Summertime sizzle: Area butcher, market offer advice for grilling
The key to good grilling is in the heat, a Duncansville meat market manager said.
And, with the summer quickly approaching, the temperature is about to rise, making it the ideal time for tying on your “Kiss the Grill Master” apron and taking up a barbecue spatula that reflects the glint of glee in your eye.
Of course, Holland Brothers Meats Manager Brock Holland was referring to the temperature one should raise their grill to before slapping down a few T-bones, hamburger patties or sausages this picnic season.
“I prefer searing, yeah. Get the grill good and hot – 400 degrees,” he said. “It locks in the flavor, the juices, when you sear on both sides.”
That goes for mostly steaks, but it works for “pretty much anything,” he said.
Not fussing with the steaks while they’re grilling is great advice, he said. “If you know your grill, you should know what to expect,” he said.
Holland likes to let the meat’s flavor be the main attraction.
“And as far as a marinade goes, I like to keep it simple with marinade. Sometimes a little zesty Italian dressing, a little salt and pepper. Keep it simple.”
He personally likes “the zesty Italian dressing because it’s got a little bit of a zip to it,” he said. “I like doing that with my chicken and some of my steaks too, but mainly a little salt and pepper.”
The grill isn’t just for meat, said a press release from Giant Food Stores and Martin’s Food Markets.
“The heat of the grill caramelizes the natural sugars, resulting in loads of flavor without the need for added sugar, salt or fat,” it said.
The stores in Pennsylvania, Maryland, Virginia and West Virginia, with headquarters in Carlisle, will offer produce from nearby farms, the release said.
Giant Food Stores and Martin’s Food Markets has served up a side of food preparation safety tips this season to go with your grilling menu.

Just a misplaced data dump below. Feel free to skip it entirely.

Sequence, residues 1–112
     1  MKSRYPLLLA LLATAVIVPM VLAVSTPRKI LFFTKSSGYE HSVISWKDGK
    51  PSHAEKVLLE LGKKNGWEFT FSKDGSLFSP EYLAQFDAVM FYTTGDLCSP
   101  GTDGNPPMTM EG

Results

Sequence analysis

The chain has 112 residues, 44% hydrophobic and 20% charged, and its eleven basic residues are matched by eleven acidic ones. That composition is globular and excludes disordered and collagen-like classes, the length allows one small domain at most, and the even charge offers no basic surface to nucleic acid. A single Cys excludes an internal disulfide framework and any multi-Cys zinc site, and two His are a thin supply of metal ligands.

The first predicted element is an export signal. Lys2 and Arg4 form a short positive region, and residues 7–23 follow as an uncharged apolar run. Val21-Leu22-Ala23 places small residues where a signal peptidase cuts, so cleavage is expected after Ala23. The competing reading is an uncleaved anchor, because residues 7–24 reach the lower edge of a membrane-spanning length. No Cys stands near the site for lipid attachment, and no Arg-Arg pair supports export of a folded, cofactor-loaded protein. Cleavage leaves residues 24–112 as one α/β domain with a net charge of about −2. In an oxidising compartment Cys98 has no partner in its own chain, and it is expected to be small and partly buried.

* Rinse fresh fruit and vegetables under running tap water, including those with skins and rinds that are not eaten. Use a separate cutting board for fresh produce to avoid cross-contamination.
* Keep marinating meat in the refrigerator. Set aside some marinade before placing any raw meat, poultry or seafood in it, if you intend to use it as a sauce later. The sauce used to marinate a protein should be discarded and not reused.
* Food partially cooked in the microwave before grilling should be grilled immediately. Insert a meat thermometer halfway into the thickest part of the meat to check if it has reached a hot enough temperature to avoid harmful bacteria such as E. coli. The thermometer should take about 15 to 20 seconds to give a reading.
* Wash your hands, cutting boards, dishes and utensils with hot soapy water after working with raw proteins such as meat, poultry, seafood or eggs. Use clean plates and utensils to serve food.
* Refrigerate leftovers within two hours after cooking. Refrigerators should be set to maintain a product temperature of 40 degrees Fahrenheit or lower. When the temperature outside reaches above 90 degrees Fahrenheit, do not leave food out more than hour. When in doubt, throw it out. Reheat leftovers until steaming.
“It’s just the same as cooking, but sometimes grilling can be deceiving, said John MacDonald, director of marketing and communications for the Giant and Martin stores. “It’s about the temperature that the meat gets to and not really about how you perceive the color of doneness. So we always emphasize to our customers and just as a reminder to them as grilling season comes in that they should take the temperature of the meat so that they know that it’s done and it’s safe to eat.”
Mirror Staff Writer Amanda Gabeletto is at 949-7030.